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Virginia Teacher Who Refused To Use Student’s Pronouns Trying To Get His Job Back

A Virginia school board is fighting to appeal a judge’s decision to reinstate a high school teacher who refused to refer to students by their preferred pronoun.

Gym teacher Byron “Tanner” Cross, speaking up at a school board meeting in May, said that his religious beliefs prevent him from affirming “that a biological boy can be a girl and vice versa,” NBC reported.

Cross added that the referral to a student as such is “abuse to a child” and sinning against God. He also said that he was “speaking out of love for those who suffer with gender dysphoria.”

“I love all of my students but I will never lie to them regardless of the consequences. I’m a teacher but I serve God first and I will not affirm that a biological boy can be a girl and vice versa because it’s against my religion,” he said.

Loudoun County Public Schools enforced a policy that would require educators to refer to students by their chosen name or pronoun when asked to do so. The policy aims to create a “safe and inclusive learning environment” for the students.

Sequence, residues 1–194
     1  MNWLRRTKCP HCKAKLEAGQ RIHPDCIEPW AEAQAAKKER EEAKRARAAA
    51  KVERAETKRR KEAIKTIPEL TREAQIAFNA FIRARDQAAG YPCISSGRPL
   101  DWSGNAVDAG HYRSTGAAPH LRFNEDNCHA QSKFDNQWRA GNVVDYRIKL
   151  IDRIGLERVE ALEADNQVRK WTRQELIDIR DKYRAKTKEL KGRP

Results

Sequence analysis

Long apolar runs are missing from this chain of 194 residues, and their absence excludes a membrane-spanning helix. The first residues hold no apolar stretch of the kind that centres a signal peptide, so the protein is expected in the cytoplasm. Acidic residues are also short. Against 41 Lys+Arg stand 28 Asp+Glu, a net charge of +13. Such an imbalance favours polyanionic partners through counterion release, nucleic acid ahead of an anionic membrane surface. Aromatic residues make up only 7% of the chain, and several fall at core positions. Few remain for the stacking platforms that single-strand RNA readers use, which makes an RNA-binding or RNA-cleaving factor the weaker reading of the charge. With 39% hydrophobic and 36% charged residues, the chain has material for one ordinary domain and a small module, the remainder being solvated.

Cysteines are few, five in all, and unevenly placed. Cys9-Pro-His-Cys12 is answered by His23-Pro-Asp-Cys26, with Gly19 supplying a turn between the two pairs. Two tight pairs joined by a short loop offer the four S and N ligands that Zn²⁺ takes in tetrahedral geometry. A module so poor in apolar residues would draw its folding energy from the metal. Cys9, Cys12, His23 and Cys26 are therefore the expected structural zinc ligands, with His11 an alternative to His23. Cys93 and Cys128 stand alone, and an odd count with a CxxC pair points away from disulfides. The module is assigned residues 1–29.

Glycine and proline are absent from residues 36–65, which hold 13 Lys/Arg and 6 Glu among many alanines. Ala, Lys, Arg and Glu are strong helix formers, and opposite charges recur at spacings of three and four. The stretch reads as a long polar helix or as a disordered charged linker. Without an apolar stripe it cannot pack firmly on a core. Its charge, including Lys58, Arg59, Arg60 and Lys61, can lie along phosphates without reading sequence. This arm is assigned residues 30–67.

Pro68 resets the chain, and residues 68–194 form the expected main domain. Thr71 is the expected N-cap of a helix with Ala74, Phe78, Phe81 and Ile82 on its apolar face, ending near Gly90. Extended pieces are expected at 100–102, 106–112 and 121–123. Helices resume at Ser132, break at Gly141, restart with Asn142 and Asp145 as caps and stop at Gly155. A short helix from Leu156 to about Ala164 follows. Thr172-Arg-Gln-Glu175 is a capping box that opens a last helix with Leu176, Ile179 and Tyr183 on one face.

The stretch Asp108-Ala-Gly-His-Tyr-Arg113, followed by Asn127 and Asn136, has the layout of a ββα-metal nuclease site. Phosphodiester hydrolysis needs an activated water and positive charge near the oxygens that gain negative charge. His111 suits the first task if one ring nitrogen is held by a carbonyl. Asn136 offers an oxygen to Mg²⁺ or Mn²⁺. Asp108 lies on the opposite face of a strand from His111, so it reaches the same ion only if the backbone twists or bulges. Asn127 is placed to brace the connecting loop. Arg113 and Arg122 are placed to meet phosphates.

Additionally, the policy permits students to use “their chosen name and gender pronounces that reflect their gender identity without any substantiating evidence.” 

Cross, adamant against adhering to the policy, was subsequently suspended and placed on administrative leave for being “disruptive” to school operations. A county judge later ruled that Cross was exercising his freedom of speech when he criticized the policy and ordered the district to “immediately reinstate” him. 

The judge added that the school’s decision was “extreme and vindictive,” Meaww reported.

A spokesperson for the school district said they would be appealing the judge’s decision to the state supreme court. 

The Alliance Defending Freedom’s attorneys who represent Cross said “there is no reason” for the Virginia Supreme Court to take the appeal. 

“Public schools have no right to suspend someone simply for respectfully providing their opinion at a public meeting,”senior attorney Tyson Langhofer said in a statement. “The school district wants to force Tanner to endorse its ideals and shut down any opposing views. That violates the Constitution and laws of Virginia, and so did the school’s move to place Tanner on leave.”

Michael Farris, president and CEO of Alliance Defending Freedom, said the decision to suspend Cross was “neither legal no consitutional.”

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